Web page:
If their previous games are any indication, expect the Patriots to put a priority on stopping Ray Rice in the passing game. In the 2009 playoff game between these two, Bill Belichick actually went to the extreme of double-teaming Rice as a receiver out of the backfield, something we’ve rarely ever seen a defensive play caller do for another running back. He had eight catches in the following season’s matchup, but those catches were dumpoffs that only went for a total of 38 yards. That should create shots for Torrey Smith up the sideline and lots of opportunities for tight ends Ed Dickson and Dennis Pitta to exploit single coverage, but that all depends on whether Flacco stays upright.

Patriots on Offense

Dickson and Pitta, coincidentally, represent one of the few tight end sets in the league who can hold a candle to the combination of Rob Gronkowski and Aaron Hernandez — or as Bill Simmons calls them, Aarob Gronkandez. The Ravens have had success dealing with the Patriots in the past, but that was before Gronkowski and Hernandez were really in their pomp. When the Ravens last played the Patriots, it was Week 6 of the 2010 season, and Gronkowski was spending most of his time blocking. The two tight ends were four games into their rookie season, and while Hernandez already had 18 catches for 240 yards, Gronkowski only had six for 62, albeit with two touchdowns. In a narrow 23-20 comeback victory for the Patriots, Gronkowski only had a lone 24-yard reception, while Hernandez caught four balls for 61 yards and had an 18-yard run.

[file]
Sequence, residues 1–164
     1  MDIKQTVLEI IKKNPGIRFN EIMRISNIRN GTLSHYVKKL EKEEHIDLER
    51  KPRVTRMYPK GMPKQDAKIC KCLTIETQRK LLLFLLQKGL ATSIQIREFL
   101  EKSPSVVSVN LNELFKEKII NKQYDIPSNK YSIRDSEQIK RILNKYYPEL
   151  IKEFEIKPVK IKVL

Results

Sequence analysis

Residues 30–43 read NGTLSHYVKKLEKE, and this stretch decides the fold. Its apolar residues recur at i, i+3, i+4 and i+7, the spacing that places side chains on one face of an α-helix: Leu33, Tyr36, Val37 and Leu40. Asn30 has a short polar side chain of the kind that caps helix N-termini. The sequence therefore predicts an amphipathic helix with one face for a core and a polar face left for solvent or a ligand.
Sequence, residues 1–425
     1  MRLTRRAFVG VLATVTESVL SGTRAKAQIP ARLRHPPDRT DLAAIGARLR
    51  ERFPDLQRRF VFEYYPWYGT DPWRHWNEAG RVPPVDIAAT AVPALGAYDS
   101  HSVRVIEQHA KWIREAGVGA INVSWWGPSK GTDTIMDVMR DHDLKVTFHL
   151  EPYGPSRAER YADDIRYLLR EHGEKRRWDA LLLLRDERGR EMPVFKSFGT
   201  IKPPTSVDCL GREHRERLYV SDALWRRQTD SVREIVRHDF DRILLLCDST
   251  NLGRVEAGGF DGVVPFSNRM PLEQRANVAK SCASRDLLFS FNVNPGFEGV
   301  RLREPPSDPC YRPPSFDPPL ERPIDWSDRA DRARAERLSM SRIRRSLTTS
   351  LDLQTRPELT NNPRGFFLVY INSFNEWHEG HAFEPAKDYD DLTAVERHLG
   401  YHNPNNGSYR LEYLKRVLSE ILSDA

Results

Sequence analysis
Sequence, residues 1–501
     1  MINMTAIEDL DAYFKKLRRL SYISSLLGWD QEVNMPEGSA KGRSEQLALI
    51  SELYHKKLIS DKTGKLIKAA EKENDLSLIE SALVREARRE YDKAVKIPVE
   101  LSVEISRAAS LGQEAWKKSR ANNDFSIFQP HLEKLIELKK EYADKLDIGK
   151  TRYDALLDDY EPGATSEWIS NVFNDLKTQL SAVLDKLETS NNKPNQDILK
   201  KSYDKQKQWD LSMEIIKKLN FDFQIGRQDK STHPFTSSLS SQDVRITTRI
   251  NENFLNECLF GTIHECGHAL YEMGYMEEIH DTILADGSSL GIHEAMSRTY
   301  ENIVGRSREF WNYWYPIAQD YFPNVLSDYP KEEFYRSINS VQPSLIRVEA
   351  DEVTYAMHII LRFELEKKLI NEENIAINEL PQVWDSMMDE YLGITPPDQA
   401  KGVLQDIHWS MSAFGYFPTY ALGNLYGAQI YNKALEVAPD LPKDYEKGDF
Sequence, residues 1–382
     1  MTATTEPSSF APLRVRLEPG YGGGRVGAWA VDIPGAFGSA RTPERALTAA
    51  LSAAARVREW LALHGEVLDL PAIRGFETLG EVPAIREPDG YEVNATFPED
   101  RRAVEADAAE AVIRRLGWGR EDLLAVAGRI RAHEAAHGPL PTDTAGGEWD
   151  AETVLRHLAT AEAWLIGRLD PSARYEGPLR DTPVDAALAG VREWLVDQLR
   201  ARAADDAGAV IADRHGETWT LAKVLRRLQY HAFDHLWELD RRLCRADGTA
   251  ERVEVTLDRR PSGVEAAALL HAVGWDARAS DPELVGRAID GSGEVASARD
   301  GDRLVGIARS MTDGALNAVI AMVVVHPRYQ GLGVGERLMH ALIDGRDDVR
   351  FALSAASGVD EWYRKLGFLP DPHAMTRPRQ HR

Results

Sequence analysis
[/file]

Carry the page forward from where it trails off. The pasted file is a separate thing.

The big game instead came from Deion Branch, who marked his return to the Patriots with a nine-catch, 98-yard, one-touchdown performance. Wes Welker only mustered 53 yards on seven catches, which was partly because of his health at the time and partly because the Ravens made stopping him a priority. Since Welker emerged as a star with the Pats, the Ravens have basically treated him like New England’s top receiver and assigned him double coverage on most plays. In the past, that’s included cornerback Chris Carr in combination with a linebacker or safety, splitting up the coverage responsibilities depending upon the break of Welker’s route. Again, though, that knowledge may be for naught because of how important the tight ends have become for New England.